How to Use an ND fil­ter

Practical Photography (UK) - - Coastal Masterclass -

If you want to achieve the sort of milky seas and scud­ding clouds found in many pro coastal shots you will need to take very long ex­po­sures. Your choices then are to shoot be­fore dawn or af­ter dusk, or to make use of neu­tral den­sity fil­ters. These fil­ters come in stop rat­ings, which give the ex­po­sure com­pen­sa­tion you will be able to make when they are placed in front of your lens. A 10-stop fil­ter will turn a ‘nor­mal’ ex­po­sure of 1/60sec into a 16-sec­ond ex­po­sure. Shut­ter speeds of sev­eral min­utes can be achieved by stack­ing mul­ti­ple fil­ters on the lens.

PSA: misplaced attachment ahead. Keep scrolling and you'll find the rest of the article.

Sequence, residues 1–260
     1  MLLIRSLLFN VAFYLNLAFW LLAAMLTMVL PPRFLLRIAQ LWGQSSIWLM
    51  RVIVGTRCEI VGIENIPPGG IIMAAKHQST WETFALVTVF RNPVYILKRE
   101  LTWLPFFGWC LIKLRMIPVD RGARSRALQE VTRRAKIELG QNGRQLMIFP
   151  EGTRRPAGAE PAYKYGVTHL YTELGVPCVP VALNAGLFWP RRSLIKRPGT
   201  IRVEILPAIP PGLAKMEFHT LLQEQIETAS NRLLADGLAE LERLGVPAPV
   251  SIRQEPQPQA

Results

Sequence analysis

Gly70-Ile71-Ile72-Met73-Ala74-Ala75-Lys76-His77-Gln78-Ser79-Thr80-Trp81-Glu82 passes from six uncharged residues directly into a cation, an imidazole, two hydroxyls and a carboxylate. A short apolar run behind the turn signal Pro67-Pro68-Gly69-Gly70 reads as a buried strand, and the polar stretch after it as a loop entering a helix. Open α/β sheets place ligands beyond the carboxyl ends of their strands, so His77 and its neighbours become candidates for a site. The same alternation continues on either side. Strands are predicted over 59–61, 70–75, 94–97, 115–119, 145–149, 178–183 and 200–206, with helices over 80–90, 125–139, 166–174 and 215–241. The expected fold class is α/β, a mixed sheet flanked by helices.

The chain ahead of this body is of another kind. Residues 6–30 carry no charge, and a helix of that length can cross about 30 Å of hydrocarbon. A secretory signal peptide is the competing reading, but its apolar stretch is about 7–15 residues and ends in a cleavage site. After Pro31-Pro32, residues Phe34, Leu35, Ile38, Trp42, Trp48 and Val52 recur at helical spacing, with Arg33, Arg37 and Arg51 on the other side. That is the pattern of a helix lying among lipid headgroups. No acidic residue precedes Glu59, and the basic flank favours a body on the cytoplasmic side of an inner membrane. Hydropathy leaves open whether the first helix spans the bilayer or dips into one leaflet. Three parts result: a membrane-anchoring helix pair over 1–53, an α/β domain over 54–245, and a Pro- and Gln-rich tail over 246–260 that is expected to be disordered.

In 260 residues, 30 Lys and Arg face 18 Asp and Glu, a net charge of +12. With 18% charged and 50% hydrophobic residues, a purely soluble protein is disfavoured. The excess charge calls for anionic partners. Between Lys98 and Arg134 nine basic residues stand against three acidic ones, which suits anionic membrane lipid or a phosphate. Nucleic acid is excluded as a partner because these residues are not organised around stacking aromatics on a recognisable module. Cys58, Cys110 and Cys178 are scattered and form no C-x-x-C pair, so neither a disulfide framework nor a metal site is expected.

Cal­cu­late your ex­po­sure

ND fil­ters are rated in stops and you can down­load charts that will show you the new ex­po­sure time. If you ex­ceed your cam­era’s max­i­mum shut­ter speed use the ‘bulb’ set­ting.

Com­pose your shot

Set up your shot with­out the fil­ter in place and take a reg­u­lar me­ter read­ing of the scene. Once you’re happy, at­tach your ND fil­ter(s) to the lens.

Take your shot

To avoid cam­era shake with long ex­po­sures, use the self-timer or a re­mote trig­ger re­lease. When mak­ing very long ex­po­sures it is good prac­tice to cover the eye­piece in or­der to avoid light leaks.

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